By analysing — deconstructing — language, we can reveal the assumptions that underpin the ways in which reality is described in public discourse and policy. Doing so reminds us that we each create a personalised version of reality, as a cis-person, a person with a chronic illness, a parent, or a migrant.

Whoever doesn’t quite align with our experiences of reality could easily be placed into an ‘other’ or different category, of a reality we cannot truly know or are inherently blind to by differentiation.

Examples might include the reality of being non-binary, healthy, a person who has not experienced parenthood or someone who has never been subjected to racism. 

Practice 2: Consider how language entangles rights and responsibilities

Categorisations and their associated assumptions entitle certain rights and impose certain obligations.

For example, policies within common law systems of property rights often represent objects as ‘tangible’ and ‘discrete,’ such as livestock, trees, and water. This categorisation enables further actions such as the assignment of property rights, whereby one could own an animal or have exclusive rights over resources, including trees or water.

The assignment of rights permits exclusive possession, allowing the rights holder to exclude people from their ‘property’ or to exclude others from accessing resources.

While these rights might seem ‘normal’ and just to some, they reflect only one paradigm, which can conflict with ‘other; paradigms, such as those of First Nations and Indigenous peoples.

For instance, without the notion of property or ownership, a First Nations or Indigenous paradigm of reality would invoke rights and responsibilities differently. Here, to continue the example, sources of nourishment in the form of trees and water have their own rights as autonomous beings, and responsibilities of care would be reciprocal instead of domineering.

Representations in policies, therefore, present the possibilities for which interventions are most appropriate, and for which people, groups, species or entities.

Practice 3: Redistribute power

Genuine inclusivity within our existing social and political structures will require a redistribution of power. Enabling this redistribution will require transformation — a deep, sustained and systemic change.

Transformation requires making space for diverse experiences and practices by the individual and the collective.

Genuine transformation requires a humble and open mind; it requires a shift from needing to understand ‘how’ it might be the case that someone’s reality could be so different from one’s own to accepting it as so.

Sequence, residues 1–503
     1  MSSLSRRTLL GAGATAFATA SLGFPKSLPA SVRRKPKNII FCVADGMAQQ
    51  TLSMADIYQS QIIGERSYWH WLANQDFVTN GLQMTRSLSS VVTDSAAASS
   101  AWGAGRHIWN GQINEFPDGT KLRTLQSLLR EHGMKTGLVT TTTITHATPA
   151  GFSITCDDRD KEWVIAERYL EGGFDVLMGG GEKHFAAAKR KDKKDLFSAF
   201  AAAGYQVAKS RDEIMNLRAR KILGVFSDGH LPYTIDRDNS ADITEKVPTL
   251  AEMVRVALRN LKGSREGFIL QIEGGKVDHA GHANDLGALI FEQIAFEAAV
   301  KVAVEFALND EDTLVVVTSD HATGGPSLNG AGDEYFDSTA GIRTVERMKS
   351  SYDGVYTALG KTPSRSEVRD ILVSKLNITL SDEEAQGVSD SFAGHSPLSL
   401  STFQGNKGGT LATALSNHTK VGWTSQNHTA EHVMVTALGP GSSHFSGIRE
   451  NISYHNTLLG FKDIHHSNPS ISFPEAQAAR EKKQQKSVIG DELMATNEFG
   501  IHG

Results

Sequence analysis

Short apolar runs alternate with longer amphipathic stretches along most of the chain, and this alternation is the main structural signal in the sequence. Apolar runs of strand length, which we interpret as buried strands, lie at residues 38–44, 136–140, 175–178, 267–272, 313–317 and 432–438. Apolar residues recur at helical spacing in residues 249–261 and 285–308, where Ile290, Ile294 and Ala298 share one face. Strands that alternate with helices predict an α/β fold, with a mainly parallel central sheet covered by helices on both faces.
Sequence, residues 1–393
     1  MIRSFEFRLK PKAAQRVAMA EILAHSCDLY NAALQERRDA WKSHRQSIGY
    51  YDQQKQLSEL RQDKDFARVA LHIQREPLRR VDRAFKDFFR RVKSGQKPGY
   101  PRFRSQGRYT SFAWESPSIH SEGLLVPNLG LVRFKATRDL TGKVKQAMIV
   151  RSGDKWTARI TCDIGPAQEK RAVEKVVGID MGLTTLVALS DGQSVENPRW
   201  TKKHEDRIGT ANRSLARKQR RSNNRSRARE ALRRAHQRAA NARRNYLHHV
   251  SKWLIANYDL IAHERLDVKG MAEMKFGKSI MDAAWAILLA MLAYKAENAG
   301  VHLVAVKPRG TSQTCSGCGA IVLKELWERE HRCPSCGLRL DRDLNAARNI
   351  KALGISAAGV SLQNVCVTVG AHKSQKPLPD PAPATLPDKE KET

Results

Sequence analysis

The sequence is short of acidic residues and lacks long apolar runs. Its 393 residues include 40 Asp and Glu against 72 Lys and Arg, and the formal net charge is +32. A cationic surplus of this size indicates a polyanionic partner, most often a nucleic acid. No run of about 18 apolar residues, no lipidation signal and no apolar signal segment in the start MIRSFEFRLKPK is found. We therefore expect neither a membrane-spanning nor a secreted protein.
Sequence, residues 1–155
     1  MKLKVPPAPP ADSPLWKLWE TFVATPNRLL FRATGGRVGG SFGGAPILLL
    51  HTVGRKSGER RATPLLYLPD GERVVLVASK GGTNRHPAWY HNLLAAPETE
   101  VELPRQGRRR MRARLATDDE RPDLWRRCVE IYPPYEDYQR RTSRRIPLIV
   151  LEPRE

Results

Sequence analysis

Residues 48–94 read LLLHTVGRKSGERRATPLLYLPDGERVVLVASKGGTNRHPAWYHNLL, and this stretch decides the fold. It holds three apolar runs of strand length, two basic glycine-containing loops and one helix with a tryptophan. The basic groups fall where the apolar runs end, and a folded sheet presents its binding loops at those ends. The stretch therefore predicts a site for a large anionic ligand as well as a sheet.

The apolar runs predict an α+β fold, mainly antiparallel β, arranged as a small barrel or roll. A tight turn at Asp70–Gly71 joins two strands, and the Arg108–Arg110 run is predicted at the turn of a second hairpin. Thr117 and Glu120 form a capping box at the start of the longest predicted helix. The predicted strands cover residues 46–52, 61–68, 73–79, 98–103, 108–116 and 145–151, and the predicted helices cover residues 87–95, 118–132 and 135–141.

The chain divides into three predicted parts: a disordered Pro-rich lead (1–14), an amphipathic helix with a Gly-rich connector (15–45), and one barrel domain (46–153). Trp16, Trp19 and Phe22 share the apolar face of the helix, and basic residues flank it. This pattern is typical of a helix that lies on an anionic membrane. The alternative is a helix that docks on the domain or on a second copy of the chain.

It acknowledges that each person has their own unique experience of reality, requiring a commitment to accepting their realities, their lived experiences, hearing their stories and ensuring they are included in policy, politics and discourse.

Those already in positions of power must champion for those still excluded from engagement in policy processes, continuously asking: who governs; who and what is governed; and how does governing proceed with ongoing redistributions of power.

The Uluru Statement from the Heart serves as a prime example illustrating a social demand for transformation and the many processes required to negotiate the terms of the movement meant to strengthen the governance and voice of First Australians.

Working towards transformation can include making space through ‘assumption diplomacy’, where a ‘not possible’ or ‘don’t know’ can turn into ‘maybe’, ‘could be’ or ‘is’. This approach can allow individuals and groups to cross the divide, creating “common worlds” and “common futures”.

Three stages of inclusive accountability. Stage 1 (deconstruction) focuses on wording to determine what assumptions dominate a policy or discourse (Q1). Does the wording reinforce assumptions about reality (ring around orange hexagon, Q2), and whose reality might be excluded altogether (pink diamond and blue circle, Q3)? Stage 2 (sense-making) focuses on how assumptions can impose certain obligations on entities, or entitle them to certain rights, or not (Q4). Attention should be paid to how assumptions are included (blue circle included as blue circle), “represented” (pink diamond represented as a hexagon, Q5), or excluded (Q6). Stage 3 (transformation) reshapes the nature of rights and responsibilities (pink, orange and blue shapes reconfigure, evolve, and overlap, Q7) as differences are negotiated and understood (Q8). The practice-making space (Q9) becomes a meeting place for diversity, openness, humility and understanding (from the unidimensional orange space of reality of Stage 1 to the multidimensional multicolored arena for inclusion of Stage 3).

To succeed in transforming society and government towards inclusivity in practice, we each need to be transparent and held accountable for the way in which language, rights and power are used.

This transparency will be particularly important for the Albanese government if is to seek genuine inclusivity.

Transformation toward inclusivity is easier to facilitate for those in positions of privilege and power, who are often already parts of the structures that set policy discourses, institutions, and practices.

Commitment to inclusivity would invoke a responsibility to enabling those previously excluded from power or privilege by championing their engagement in policy processes and doing so on their terms.

If empowerment is not possible within existing structures, the next step is to consider reform and/or taking the time to become more informed.

It is important that we do not underestimate the value of opening our minds to the new.

To reduce injustice and herald genuine and systemic inclusivity in a way that empowers rather than marginalises, we need to practice as individuals and as part of the collective to continuously make space for uniquely different experiences of reality.

The full research report can be freely accessed here: Inclusivity via ontological accountability